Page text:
For Honours Bachelor of Business Administration students at Sheridan College, collaborating with businesses in the GTA region means an opportunity to solve real-world problems, help strengthen local economies and develop relationships with the community’s best and brightest entrepreneurs.
The BBA Capstone projects bring together cross-disciplinary teams from Sheridan’s five business programs: human resources, marketing, supply chain, accounting and finance. “It builds real-world business teams, across these five undergraduate pillars, in support of local businesses,” says Dr. Tony Read, professor of business strategy and information systems, and the BBA Capstone Champion in the Pilon School of Business.
Startups such as Atlas 365, Ecosystems Informatics and Simplified Automation benefit from the contributions of Sheridan pre-graduates and faculty without the substantial consulting budgets customarily required for similar services. “Atlas 365 is a new company producing hemp construction blocks that are far more environmentally friendly and cheaper than traditional concrete blocks. Ecosystems Informatics creates new sensing software intelligence to help us analyze the quality of air or water, and Simplified Automation offers a new process-based product that optimizes manufacturing plants,” says Dr. Read. “Our teams are able to help them build out their business plans, with strategic and operational deliverables.”
Our teams are able to help them build out their business plans, with strategic and operational deliverables.— Dr. Tony Read, professor of business strategy and information systems, and the BBA Capstone Champion in the Pilon School of Business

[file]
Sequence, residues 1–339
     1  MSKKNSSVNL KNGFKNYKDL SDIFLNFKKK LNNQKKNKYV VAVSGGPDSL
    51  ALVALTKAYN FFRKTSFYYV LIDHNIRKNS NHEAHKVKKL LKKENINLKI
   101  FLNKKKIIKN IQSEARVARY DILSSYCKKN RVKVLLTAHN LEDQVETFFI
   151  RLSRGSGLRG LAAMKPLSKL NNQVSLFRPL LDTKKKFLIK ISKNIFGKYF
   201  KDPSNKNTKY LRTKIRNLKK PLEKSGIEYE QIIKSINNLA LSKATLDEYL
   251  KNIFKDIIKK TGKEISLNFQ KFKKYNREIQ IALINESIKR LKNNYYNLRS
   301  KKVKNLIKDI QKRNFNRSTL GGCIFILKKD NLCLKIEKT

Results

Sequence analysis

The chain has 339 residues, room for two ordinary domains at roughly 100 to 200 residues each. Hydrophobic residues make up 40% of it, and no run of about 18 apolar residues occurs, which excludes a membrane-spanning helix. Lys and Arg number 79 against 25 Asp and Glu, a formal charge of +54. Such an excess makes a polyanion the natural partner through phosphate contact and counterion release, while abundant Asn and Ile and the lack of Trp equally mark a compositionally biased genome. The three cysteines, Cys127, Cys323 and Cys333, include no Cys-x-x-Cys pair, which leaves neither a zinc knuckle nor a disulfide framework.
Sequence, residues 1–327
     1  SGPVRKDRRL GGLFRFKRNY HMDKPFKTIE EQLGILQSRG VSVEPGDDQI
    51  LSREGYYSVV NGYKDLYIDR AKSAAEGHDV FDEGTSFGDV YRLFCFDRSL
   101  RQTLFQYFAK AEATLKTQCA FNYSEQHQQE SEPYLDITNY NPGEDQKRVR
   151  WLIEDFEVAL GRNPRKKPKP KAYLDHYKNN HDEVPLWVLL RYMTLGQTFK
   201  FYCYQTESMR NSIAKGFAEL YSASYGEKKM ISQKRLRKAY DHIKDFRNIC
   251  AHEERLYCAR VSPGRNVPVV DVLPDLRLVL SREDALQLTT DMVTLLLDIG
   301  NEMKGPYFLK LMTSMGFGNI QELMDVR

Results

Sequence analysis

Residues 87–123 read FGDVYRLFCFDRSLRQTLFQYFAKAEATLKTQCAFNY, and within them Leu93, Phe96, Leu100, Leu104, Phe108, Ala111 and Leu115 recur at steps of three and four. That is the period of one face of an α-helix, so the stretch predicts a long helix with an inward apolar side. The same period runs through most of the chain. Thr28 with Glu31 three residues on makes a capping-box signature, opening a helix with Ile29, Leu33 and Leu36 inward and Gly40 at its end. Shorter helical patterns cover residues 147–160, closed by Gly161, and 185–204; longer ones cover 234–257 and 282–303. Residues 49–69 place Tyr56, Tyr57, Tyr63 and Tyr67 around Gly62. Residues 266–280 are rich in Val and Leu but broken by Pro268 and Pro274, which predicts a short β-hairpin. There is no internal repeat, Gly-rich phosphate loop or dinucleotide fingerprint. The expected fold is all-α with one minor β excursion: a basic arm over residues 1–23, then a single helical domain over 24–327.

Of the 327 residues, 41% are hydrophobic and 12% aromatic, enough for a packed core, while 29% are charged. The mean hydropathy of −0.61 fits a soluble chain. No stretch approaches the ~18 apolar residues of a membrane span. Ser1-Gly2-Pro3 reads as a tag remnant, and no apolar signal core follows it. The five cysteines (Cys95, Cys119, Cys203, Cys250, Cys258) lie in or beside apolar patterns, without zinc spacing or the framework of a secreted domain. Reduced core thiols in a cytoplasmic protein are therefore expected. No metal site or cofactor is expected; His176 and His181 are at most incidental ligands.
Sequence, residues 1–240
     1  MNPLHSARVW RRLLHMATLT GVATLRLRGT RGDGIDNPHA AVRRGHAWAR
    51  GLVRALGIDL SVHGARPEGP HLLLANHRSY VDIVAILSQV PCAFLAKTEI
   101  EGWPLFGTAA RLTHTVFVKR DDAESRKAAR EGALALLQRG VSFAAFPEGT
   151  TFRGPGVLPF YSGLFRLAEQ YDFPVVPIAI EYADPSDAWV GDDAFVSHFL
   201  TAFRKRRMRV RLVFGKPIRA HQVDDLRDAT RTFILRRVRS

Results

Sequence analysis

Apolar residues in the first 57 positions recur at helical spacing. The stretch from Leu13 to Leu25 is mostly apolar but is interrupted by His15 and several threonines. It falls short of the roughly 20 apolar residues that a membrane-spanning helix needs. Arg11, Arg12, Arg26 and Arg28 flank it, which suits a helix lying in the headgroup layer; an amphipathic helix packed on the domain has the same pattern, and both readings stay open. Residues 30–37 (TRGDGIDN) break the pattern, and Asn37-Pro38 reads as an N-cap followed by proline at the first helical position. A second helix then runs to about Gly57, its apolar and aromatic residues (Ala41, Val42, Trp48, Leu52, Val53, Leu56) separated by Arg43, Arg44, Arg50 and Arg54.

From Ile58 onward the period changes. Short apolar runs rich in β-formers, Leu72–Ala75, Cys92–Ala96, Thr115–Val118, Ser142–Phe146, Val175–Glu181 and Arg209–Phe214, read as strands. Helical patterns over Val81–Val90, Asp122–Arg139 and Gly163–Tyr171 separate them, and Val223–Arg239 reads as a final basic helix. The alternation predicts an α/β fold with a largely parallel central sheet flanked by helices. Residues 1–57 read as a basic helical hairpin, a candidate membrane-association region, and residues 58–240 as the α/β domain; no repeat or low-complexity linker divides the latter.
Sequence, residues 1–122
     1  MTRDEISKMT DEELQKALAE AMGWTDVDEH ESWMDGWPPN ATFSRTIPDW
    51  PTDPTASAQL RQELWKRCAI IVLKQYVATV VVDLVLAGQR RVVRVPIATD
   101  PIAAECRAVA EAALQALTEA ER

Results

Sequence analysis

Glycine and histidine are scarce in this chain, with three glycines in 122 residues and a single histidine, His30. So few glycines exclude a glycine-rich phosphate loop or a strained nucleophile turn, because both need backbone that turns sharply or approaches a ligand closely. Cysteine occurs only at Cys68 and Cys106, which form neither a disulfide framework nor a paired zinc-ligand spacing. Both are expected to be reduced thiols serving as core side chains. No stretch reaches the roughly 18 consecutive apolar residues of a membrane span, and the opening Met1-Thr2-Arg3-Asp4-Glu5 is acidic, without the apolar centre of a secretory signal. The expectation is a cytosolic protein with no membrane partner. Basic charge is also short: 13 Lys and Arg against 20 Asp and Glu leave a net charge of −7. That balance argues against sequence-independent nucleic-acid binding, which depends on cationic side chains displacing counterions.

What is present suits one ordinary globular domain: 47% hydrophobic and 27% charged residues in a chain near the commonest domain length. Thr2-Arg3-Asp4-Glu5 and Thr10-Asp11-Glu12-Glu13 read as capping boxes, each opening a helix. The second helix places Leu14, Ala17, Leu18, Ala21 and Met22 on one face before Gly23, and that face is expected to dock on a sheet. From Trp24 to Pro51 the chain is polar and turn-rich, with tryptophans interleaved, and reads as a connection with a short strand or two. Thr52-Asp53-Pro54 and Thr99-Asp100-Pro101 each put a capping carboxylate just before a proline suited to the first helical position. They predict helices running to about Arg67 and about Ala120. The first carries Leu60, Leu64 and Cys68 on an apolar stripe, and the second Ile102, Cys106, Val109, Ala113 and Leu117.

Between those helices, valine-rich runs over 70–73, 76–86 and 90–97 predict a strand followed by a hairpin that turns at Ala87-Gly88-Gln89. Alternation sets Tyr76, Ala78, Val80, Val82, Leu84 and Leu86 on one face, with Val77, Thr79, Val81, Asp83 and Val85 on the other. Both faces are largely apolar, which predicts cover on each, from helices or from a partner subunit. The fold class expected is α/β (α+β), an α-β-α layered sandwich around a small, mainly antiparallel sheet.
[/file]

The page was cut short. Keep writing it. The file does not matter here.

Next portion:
More mature organizations also partner with Sheridan’s capstone teams to take their business to the next level and scale up revenues and profitability. Students have worked with farm-to-table 100KM Foods, a heating and cooling device manufacturer and a marketing company for the tourism industry. Not-for-profit organizations are also welcome and include the City of Brampton incubator.
Student teams work about 15 weeks on each project, looking at everything from search engine optimization to international manufacturing options to prioritizing investments for maximum growth, explains Dr. Read. HR program students can provide job profiles and contractor advice to help optimize human capital.
Some companies deploy many of the recommendations that come out of the business plan development; others focus on immediate returns on the ideas that the students come up with, says Dr. Read. “For every hour our partners invest in the program, our students provide about 20 hours of work, without any financial payment. The value quotient is huge. And the students really get a lot of value as well, working with experienced business people, in multidisciplinary teams, making strategic and tactical trade-offs and decisions.
“Should marketing investment come before supply chain investment? Should there be a little more emphasis on the human resource side? We come together and work as a consultancy to understand the dynamics of industry decisioning in a multidisciplinary, multi-functional way.”
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